By R.L. Witter
We’ve all heard that good things come in small packages. In a perfect world, if you Googled that saying, you’d find a photo of Stacy Lynch, City Council District 7 candidate in New York City. The only thing small about her is her stature and I promise, once she begins speaking, you’ll think she’s ten feet tall. There’s something familiar about Lynch the first time you meet her. She smiles brightly and laughs easily. She knows her stuff and she’s a formidable opponent if you’re running against her, and a valuable ally if you’re with her.
The daughter of Mary and William “Bill” (the Rumpled Genius) Lynch, Stacy grew up in Harlem and comes by her love of New York City and political prowess honestly. “I ran away from politics for a number of reasons because I saw the toll politics and the political arena takes on a candidate, the people behind the scenes, and their families,” she explained. “But at the same time, I was aware of the impact this very intense and grueling career has on people and families. Public service was a responsibility in our household.” The Lynches started their children young with cleaning up the street and handing out food at church. The calling to be of service has always been inside Stacy.
With a B.A. in Political Science from Hampton University and a law degree from Quinnipiac University, Lynch possesses both the educational and political pedigrees to be a major player and make a difference in New York politics. “I learned from the greatest—my dad, and Mayor Dinkins. My dad surrounded himself with strong women who were leaders in the community like Betty Shabazz, Dorothy Height, Hazel Dukes, Marian Wright Edelman, and list goes on. He was brilliant in that way,” she said. “I learned part of it is your educational pedigree and your life experiences, but a whole lot of it is staying connected with the community. And that helps inform my decisions regarding what policies should look like for District 7 or the City.” She can also pick up the phone and call civil rights icons and elected officials and talk to them as if they’re just hanging out.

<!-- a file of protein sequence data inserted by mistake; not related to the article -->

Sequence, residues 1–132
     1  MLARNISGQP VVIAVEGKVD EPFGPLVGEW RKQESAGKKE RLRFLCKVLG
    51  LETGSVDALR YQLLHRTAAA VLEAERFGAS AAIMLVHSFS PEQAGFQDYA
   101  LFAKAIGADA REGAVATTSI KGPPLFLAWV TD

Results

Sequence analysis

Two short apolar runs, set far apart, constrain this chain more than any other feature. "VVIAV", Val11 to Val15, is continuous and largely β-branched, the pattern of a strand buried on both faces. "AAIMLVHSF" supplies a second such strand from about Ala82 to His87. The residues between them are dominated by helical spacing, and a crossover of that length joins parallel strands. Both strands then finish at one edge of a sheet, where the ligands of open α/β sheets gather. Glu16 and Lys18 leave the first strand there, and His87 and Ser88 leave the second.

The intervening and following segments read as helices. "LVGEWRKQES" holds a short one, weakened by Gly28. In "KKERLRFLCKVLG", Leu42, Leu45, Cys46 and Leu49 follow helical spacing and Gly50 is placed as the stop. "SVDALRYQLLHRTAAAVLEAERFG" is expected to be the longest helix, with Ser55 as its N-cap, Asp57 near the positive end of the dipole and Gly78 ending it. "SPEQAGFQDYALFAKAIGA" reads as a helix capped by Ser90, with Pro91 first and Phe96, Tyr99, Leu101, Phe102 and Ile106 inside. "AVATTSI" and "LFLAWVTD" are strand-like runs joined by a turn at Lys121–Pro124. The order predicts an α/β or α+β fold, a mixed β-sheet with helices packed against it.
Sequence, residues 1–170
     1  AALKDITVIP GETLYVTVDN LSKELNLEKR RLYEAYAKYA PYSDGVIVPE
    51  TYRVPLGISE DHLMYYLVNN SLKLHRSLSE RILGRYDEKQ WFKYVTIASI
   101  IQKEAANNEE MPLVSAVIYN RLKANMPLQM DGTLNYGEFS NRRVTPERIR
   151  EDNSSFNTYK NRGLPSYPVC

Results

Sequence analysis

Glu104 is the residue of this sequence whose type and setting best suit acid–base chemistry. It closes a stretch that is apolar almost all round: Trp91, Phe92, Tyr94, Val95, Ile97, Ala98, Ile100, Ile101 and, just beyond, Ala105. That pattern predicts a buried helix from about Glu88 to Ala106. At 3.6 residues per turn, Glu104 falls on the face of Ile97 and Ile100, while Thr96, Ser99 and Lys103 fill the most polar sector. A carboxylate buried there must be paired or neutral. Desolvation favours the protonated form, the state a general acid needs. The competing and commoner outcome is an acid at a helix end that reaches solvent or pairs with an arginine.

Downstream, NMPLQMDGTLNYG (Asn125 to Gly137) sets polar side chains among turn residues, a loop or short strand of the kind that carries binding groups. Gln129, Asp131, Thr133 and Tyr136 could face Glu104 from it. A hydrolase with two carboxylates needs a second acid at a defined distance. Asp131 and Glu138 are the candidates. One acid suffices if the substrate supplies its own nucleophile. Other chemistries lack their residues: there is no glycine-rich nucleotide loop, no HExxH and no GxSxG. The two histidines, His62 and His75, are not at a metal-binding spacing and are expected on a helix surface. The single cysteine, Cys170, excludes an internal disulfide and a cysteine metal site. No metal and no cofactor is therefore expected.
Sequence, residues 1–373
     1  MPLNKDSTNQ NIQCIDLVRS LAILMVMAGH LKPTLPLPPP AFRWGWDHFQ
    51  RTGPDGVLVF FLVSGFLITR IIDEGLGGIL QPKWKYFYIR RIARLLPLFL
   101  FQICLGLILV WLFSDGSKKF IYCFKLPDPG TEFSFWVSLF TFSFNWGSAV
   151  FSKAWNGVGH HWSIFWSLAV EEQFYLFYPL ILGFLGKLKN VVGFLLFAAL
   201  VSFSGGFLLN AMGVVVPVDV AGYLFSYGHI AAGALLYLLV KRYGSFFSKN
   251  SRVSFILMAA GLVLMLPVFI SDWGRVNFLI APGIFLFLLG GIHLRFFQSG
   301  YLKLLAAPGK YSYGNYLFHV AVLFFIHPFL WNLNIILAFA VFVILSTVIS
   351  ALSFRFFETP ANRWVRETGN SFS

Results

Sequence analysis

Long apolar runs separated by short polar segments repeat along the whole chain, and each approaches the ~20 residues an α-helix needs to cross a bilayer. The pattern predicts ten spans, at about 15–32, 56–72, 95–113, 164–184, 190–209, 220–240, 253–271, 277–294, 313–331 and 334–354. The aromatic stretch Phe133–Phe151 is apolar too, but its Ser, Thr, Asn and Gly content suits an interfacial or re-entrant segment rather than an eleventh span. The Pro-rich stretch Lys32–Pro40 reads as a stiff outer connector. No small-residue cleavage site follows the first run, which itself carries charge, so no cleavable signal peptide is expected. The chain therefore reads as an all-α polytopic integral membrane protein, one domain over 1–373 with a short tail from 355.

Lynch slipped under the radar to take a job as assistant commissioner for External Affairs in the Department of Youth and Community Development (DYCD). “I was able to do good things and give away beautiful things to the community. And giving to others was healing for me after my dad passed.” New York City Mayor Bill de Blasio was hearing good things about a young go-getter in DCYD and when he got word the person was Bill Lynch’s daughter, he asked her to take a position in City Hall. As deputy director of Intergovernmental Affairs at the Mayor’s Office, Lynch was empowered to make a difference in the lives of members of underrepresented communities. “I worked closely with the First Lady and her team to create Brothers and Sisters Thrive. It’s a coalition of the Thrive mental health initiative that is First Lady Chirlane McCray’s baby and working with the Divine 9 to address mental health in the Black community,” said Lynch. “My final project before I left the administration was the Racial Inclusion and Equity Taskforce. There was a sense within the administration that communities of color felt unheard during the pandamic.”